Abstract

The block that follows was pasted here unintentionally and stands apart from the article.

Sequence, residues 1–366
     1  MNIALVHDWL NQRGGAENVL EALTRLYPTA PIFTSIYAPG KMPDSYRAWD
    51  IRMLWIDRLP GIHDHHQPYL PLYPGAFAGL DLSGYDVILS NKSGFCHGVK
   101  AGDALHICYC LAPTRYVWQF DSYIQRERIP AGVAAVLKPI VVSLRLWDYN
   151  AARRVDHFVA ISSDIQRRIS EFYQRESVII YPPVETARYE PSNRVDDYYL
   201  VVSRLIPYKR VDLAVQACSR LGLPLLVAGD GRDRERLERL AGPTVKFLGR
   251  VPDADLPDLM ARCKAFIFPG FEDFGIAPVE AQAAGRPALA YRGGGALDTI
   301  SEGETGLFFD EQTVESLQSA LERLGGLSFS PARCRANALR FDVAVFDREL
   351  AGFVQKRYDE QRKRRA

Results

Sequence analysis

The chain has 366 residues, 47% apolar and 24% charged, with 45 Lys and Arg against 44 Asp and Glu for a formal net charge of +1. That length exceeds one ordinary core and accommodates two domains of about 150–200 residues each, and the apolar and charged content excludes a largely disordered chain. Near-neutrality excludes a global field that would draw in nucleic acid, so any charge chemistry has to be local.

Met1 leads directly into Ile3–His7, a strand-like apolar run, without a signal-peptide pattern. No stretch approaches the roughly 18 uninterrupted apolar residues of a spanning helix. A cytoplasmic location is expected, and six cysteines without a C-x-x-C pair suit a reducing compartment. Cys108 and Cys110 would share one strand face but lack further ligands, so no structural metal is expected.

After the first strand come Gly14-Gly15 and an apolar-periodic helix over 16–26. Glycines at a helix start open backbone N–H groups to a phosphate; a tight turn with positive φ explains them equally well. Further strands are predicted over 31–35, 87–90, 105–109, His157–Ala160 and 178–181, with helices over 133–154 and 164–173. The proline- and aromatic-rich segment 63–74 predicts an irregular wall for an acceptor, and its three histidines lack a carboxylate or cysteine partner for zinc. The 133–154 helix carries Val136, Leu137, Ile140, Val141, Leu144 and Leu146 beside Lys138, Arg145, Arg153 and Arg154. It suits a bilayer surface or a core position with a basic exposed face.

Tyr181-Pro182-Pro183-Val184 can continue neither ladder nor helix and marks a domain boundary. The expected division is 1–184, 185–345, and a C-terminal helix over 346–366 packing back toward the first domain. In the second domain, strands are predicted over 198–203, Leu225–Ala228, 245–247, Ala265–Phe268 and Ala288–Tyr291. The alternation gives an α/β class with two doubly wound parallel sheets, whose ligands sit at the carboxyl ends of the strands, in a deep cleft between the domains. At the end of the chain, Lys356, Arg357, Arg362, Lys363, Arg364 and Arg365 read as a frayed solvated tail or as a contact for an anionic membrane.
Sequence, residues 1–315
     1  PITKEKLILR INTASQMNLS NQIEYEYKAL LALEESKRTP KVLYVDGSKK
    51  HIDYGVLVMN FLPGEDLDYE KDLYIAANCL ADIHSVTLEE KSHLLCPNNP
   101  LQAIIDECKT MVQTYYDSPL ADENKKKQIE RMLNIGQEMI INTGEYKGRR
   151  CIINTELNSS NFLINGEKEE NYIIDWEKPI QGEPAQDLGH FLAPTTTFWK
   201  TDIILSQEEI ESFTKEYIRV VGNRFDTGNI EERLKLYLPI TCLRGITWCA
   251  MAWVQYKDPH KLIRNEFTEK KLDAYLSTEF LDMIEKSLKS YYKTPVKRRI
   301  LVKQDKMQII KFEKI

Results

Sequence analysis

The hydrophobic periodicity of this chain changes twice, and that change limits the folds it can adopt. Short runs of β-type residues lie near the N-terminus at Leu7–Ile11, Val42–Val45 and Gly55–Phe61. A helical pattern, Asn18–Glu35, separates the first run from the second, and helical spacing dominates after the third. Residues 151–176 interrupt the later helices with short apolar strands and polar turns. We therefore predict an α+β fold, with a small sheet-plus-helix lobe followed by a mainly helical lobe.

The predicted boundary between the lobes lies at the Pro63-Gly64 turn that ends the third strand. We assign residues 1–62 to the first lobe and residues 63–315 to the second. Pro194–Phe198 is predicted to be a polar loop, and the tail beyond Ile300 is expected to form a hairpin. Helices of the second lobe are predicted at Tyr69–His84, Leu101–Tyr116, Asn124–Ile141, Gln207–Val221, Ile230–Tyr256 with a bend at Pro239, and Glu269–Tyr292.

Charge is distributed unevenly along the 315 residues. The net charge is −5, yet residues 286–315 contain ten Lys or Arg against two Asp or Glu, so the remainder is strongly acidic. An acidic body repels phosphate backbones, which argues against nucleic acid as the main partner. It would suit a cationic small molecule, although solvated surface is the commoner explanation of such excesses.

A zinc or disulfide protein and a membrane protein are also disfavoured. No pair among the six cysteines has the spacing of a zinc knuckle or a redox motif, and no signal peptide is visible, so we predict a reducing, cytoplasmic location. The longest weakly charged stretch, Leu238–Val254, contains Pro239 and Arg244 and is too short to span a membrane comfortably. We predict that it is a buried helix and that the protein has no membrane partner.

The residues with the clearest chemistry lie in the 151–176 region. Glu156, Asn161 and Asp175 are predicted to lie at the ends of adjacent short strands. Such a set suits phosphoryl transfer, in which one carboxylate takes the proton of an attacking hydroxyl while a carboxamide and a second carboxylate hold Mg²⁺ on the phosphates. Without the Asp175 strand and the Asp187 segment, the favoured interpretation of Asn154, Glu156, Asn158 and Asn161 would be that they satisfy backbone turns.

Four different quartz vein systems occur within 600 km 2 in east Otago. The vein systems have formed within fault systems which crosscut regional schistosity. The Macraes system formed from almost pure water at about 3 kbars and 350 degrees C (data from fluid inclusions and arsenopyrite geothermometer). The Bonanza system formed from immiscible H 2 O-CO 2 -NaCl fluids at about 1,000 bars. Nenthorn formed under near-surface conditions from boiling low-salinity water, with some CO 2 present. Barewood most closely resembles Macraes but is thought to have formed at slightly shallower levels. The veins formed at different times during Mesozoic-Cenozoic uplift of the Otago Schist belt. C and O isotope data and the high CO 2 content of some fluids suggest that the vein-forming fluids were metamorphogenic. A component of downward-percolating meteoric water was probably involved in shallower vein formation. Vein formation is considered to be an inevitable consequence of devolatilization of uplifting metamorphic rocks, with focusing of fluids into available structural features. Similar fluid flow has occurred within the last 1 m.y. in the northwestern extension of the Otago Schist, where Alpine fault uplift has induced gold mineralization on joint surfaces.

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